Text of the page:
Conservation on ancient burial mounds of Eurasia
Ancient burial mounds (kurgans) provide the last refugia for steppic plant and animal species in the intensively used agricultural landscapes of the western parts of the Eurasian steppe biome CREDIT Photo: Balázs Deák / Centre for Ecological Research
During our history, ancient civilisations have considerably shaped the global ecosystems through a coevolution of landscape and local populations. In some cases, the legacy of the disappeared civilizations is still visible in the form of buildings and other monuments such as the Stonehenge, the buildings of the Roman and Hellenic Empires, and ancient burial places and fortresses built by several cultures. These monuments are invaluable parts of our history and cultural heritage. Although it is often not in the spotlight, they can also hold a considerable biodiversity conservation potential.
In the vast steppes of Eurasia (and probably in the Earth), the most widespread ancient manmade structures are the ancient burial mounds (so called ‘kurgans’) that were built by steppic cultures (such as Yamanayas, Scythians, Sarmatians) during the Copper, Bronze and Iron ages. Although most of these sacral monuments were destroyed during the past centuries, approximately 600,000 kurgans can still be found in the steppes from Central Europe to the Altai Mountains. Although the builders of the kurgans disappeared millennia ago, subsequent cultures recognised the importance of these sites and considered them spiritual and cultural hotspots even until the present day.
Besides their historical and archaeological importance, kurgans are also important sites for conservation. Originally, shortly after their construction steppe vegetation recovered on them, which could persist even till modern times. Therefore, kurgans that still hold grasslands could preserve a piece of the formerly existing vast steppes and a high biodiversity of steppe plant species. However, during the past centuries both the kurgans and the formerly vast steppes suffered serious losses due to the expansion of ploughlands and urban infrastructure in many regions of Eurasia. Therefore, the protection of the remaining steppe habitats is of the utmost importance especially in the highly populated European regions, where there are only a few and small protected areas.
By involving more than 30 researchers from seven countries and using an extensive dataset of 1072 kurgans covering large geographical scales from Hungary to Mongolia, an international research group led by Balázs Deák (Centre for Ecological Research, Hungary) aimed to explore the potential of ancient kurgans in steppe conservation, and reveal how still existing cultural and spiritual values bound to the kurgans support the preservation of grasslands.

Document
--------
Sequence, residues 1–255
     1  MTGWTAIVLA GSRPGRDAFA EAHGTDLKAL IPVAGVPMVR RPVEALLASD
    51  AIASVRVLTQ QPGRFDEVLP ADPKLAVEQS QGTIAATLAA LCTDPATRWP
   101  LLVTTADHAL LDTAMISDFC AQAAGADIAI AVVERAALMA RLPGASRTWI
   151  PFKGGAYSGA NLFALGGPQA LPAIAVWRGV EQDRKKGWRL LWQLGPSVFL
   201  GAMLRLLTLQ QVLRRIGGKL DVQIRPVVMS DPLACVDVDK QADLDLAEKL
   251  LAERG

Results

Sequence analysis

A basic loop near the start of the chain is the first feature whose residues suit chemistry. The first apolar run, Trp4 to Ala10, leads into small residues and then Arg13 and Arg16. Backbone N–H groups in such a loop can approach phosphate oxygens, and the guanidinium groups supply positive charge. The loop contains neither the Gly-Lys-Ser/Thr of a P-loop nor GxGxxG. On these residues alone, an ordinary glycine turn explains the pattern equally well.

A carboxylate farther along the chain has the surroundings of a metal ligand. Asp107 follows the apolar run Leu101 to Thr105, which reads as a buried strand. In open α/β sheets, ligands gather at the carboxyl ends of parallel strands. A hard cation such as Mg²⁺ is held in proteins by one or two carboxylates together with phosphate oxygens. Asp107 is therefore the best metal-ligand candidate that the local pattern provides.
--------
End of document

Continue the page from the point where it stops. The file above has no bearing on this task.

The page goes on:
The researchers pointed out that in agricultural landscapes (typical of the western steppe regions in Eastern and Central Europe) where grasslands were severely affected and almost completely disappeared due to landscape transformation, almost half of the kurgans still preserve the remnants of steppe grasslands. In such landscapes, kurgans can act as biodiverse terrestrial habitat islands, which provide ‘safe havens’ for grassland biota. As their former studies showed, even the smallest kurgans embedded in extensive arable lands can provide habitat for many red-listed plant species that otherwise disappeared from the landscape. In less intensively used landscapes where at least part of the former grassland stands remained, kurgans can function as stepping stones that can connect fragmented populations of grassland biota and also represent biodiversity hotspots.
The continent-wide study revealed that many kurgans are still actively used as spiritual or cultural hotspots in the steppe landscapes. Deák and colleagues found 57 different kinds of spiritual and cultural values (such as sanctuaries, churches, ancient statues, and stone pillars) on the studied kurgans. Like in the case of sacred grooves, saint mountains, Christian sanctuaries in Southern Europe, the recognition and respect of the local communities highly supported the maintenance of grassland vegetation on the mounds by preventing negative land use changes (e.g. ploughing) and by the extensive management (e.g. mowing and cutting woody species) provided for a well-kept appearance. Consequently, they found that the presence of cultural values on the kurgans could almost double the chance of grassland presence. Interestingly, the ‘protective power’ of spiritual and cultural values was comparable to the effect of protected areas. In other words, the potential for grassland presence was comparable on mounds within protected areas and on mounds located outside the reserves but with some kind of cultural value.
The study suggests that to complement and support the system of protected areas, it is crucial to acknowledge the conservation potential of sites that, due to their associated cultural values, can harbor natural habitats even in nonprotected landscapes. These results highlight that an integrative socio-ecological approach in conservation could support the positive synergistic effects of conservational, landscape, and cultural values.
Contribution of cultural heritage values to steppe conservation on ancient burial mounds of Eurasia - Conservation Biology 10.1111/cobi.14148